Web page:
The feast of St John – a religious holiday that conveniently coincides with ancient pagan ceremonies related to summer solstice (or winter solstice in the southern hemisphere)- is celebrated in many catholic countries with lots of music and bonfires.
In Brazil, the end of June marks the feasts of St John, St Peter and St Anthony and in the north and northeast part of the country their celebration is bigger than Christmas. In most of Brazil the festvities have a rural flavour and everybody dress as hillbillies and do square dancing, build up big fires, and eat all kinds of food that are typical of that holiday. Festa Junina, as we know it, is very popular and its celebration has gone beyond June 24 to mark the last few weeks of June and beginning of July. Every school has its own dance and here's my nephew Matheus in his daycare's Festa Junina and my niece Lorena and her brother Luan at last year's event:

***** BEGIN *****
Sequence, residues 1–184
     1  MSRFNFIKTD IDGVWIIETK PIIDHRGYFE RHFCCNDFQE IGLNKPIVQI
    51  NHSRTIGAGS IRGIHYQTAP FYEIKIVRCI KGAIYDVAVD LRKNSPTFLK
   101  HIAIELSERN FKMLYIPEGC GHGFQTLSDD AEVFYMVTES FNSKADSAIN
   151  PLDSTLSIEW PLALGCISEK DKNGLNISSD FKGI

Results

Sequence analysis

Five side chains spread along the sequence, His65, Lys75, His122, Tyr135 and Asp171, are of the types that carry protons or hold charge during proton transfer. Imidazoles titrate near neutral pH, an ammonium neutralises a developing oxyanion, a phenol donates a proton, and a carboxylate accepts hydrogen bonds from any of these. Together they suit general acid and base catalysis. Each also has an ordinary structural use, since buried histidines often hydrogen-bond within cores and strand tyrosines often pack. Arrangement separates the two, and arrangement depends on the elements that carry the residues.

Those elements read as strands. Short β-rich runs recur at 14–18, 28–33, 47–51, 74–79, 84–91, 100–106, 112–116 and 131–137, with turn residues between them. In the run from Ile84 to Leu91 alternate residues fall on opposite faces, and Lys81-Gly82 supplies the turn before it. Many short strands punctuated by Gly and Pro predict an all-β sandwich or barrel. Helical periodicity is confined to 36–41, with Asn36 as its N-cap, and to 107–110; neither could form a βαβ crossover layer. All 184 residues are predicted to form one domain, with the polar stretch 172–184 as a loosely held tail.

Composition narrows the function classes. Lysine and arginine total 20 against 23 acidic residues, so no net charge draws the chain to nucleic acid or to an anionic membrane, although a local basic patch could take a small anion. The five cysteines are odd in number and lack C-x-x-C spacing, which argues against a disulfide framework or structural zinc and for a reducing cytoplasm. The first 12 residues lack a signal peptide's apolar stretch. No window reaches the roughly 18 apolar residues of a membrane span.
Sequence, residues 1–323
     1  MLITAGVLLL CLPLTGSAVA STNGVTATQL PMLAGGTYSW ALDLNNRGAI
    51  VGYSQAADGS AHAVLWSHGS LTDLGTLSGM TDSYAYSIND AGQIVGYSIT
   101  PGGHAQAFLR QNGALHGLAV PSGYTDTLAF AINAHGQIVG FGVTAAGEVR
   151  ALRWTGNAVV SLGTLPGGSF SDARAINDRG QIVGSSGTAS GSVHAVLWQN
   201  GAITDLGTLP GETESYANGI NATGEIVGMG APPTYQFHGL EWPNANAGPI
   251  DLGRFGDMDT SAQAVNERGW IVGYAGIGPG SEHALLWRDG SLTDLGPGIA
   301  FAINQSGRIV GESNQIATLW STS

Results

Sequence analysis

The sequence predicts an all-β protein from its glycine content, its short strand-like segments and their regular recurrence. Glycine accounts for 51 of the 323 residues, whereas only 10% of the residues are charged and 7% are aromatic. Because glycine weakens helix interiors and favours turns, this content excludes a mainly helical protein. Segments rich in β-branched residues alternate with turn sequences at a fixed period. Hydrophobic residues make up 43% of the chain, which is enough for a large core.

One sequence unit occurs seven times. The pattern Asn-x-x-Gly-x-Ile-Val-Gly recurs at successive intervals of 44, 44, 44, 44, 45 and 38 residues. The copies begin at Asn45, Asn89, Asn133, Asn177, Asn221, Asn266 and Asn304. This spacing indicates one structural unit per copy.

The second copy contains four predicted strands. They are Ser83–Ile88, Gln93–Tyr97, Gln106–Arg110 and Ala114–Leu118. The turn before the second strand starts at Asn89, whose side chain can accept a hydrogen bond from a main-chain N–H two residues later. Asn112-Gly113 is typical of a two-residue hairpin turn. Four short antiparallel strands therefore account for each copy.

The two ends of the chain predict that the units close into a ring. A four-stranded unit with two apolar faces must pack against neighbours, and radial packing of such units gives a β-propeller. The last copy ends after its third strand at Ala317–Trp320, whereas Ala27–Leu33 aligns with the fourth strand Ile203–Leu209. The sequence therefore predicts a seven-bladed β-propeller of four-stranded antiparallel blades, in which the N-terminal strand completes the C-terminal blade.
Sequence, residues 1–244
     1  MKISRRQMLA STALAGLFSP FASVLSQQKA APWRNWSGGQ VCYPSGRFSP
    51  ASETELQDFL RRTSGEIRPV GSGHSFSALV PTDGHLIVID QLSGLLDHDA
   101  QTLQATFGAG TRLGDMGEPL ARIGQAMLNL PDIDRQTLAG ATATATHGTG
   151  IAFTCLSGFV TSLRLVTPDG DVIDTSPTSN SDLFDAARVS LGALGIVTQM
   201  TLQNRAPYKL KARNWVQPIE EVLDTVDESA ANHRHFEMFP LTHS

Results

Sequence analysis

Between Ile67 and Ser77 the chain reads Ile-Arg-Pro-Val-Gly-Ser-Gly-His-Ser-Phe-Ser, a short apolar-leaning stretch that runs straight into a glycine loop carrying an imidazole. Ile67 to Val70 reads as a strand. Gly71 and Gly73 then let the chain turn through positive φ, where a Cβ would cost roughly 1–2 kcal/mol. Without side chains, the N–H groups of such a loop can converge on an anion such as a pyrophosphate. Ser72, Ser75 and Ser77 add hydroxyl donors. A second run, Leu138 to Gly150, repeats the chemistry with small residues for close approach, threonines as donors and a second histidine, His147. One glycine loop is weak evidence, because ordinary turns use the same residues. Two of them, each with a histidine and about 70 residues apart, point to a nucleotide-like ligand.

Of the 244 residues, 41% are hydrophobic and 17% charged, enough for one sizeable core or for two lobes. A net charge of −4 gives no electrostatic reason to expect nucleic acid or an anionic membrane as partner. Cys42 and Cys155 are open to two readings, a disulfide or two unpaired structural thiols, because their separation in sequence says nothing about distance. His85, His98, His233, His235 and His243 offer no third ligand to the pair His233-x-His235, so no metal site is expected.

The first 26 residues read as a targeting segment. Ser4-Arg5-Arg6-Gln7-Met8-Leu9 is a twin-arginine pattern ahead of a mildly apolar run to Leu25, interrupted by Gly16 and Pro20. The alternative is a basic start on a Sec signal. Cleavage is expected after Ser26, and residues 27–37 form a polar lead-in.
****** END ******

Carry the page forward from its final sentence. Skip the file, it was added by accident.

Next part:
Now, the parties in Barcelona are considerably wilder than anything I've seen in Brazil. The main festivities happen in the beach, where they enact the coming down of the sun and moon and the beginning of the age of hell. I heard there are some wicked fireworks involved. But since we are not into crowded events, we decided to check out the neighbourhood parties and bonfires. You'll see pictures and more comments of the night in Alan's blog . Suffice it to say that it felt like WWIII was on and anarchy had set in. They actually lit a bonfire in the middle of the street – without stopping traffic(!!) – that rose to about 4 stories!!! Very surreal. Anyways, I'll try to put a video of it here later. I'm trying to get them on youtube. Stay tuned.